It’s the 60th anniversary of the first 007 movie, after all, and the 50th anniversary of “The Godfather” and those landmarks will not go uncelebrated Sunday at the 94th Oscars.
“We have some surprises around that. Wink, wink,” Will Packer, who is producing the show, said Thursday.
It’s all part of the overriding theme of the year: “Movie lovers unite.”
“Movies are the one thing that actually do unite so many of us as a global community,” Packer said. “Movies make you feel something, they inspire you, they make you aspire.”
Packer was joined by hosts Regina Hall and Wanda Sykes, director Glenn Weiss, co-producer Shayla Cowan, Oscars production designer David Korins and musical director Adam Blackstone to preview the ceremony, which is just days away.
Amy Schumer, who is the third host of the evening, was not present but had a message that her colleagues delivered: “Don’t worry, it’s not COVID.”
They promised a crowd-pleasing night of escape and celebration, including a performance of the hit “Encanto” song “We Don't Talk About Bruno.” Latin music powerhouses Luis Fonsi and Becky G will join members of the film's cast during a performance of the Lin-Manuel Miranda hit, which soared to No. 1 on the Billboard charts, the academy said.
Despite the success of “We Don't Talk About Bruno,” it will not vie for an Oscar on Sunday. The Spanish-language song “Dos Oruguitas” is nominated for best original song.
And while there might not be a Glenn Close “Da Butt” repeat planned, Sykes laughed that they talked about having Dame Judi Dench “do the worm.”
The show is aiming to recover from last year’s ratings low and have made drastic strides to keep the runtime to three hours, including the controversial decision to hand out eight awards before the show and edit into the live telecast.
“We’re going to make sure that everybody has their moment,” Packer said. “It’s about celebrating the most talented people and what they do.”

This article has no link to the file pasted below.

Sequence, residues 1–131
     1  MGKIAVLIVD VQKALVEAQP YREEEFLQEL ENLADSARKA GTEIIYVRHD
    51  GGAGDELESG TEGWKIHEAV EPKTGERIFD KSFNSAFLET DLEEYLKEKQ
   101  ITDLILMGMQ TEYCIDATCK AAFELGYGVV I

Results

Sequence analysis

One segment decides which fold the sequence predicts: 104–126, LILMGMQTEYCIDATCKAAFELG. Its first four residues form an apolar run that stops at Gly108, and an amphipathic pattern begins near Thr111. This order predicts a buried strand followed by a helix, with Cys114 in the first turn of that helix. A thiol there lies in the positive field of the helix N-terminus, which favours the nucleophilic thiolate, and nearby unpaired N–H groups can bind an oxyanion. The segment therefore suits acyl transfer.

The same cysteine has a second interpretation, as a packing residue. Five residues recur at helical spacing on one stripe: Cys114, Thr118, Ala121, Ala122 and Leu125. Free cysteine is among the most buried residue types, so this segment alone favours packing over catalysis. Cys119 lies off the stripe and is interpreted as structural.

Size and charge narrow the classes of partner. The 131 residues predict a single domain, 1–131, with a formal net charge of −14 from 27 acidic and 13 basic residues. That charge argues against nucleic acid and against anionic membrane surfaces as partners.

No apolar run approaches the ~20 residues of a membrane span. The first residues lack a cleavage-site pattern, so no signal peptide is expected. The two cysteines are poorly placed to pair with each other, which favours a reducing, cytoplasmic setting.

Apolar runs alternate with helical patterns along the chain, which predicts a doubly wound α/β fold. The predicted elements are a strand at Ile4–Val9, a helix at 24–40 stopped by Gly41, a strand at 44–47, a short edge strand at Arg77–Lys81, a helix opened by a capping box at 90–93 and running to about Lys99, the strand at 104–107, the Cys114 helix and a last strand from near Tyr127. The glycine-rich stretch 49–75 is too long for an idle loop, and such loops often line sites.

They will also return to the tradition of ending the night with the best picture category after last year’s experiment closing on best actor. And, Packer said, though they’ve announced an army of high-profile presenters, from Lady Gaga to Bill Murray, that they haven’t necessarily revealed yet who will be presenting the best picture award.
As for the hosts, Sykes said they want “everyone to have a good time" but aren't “going to trash anyone ... none of us are mean spirited.”
The three women will open the show together but also get solo moments to shine.
Packer said they will acknowledge the state of the world respectfully, including the pandemic and the war, but that he wants the evening to be first and foremost "a celebration, a release, an escape for people who really need it.”
Behind the scenes, the pandemic is still top of mind for those involved, especially after reports that some got COVID-19 after attending the BAFTAs in London. The Academy is requiring every attendee to submit two negative PCR tests before the show. Audience members also have to be vaccinated.
“We want to make sure that everybody is safe coming to the show,” said Packer, who declined to talk about whether he knew of any individual nominees who had COVID-19. “We have a lot of protocols in place ... We want to pull off a show that keeps everyone safe.”
The Oscars will be broadcast live Sunday on ABC beginning at 8 p.m. EDT.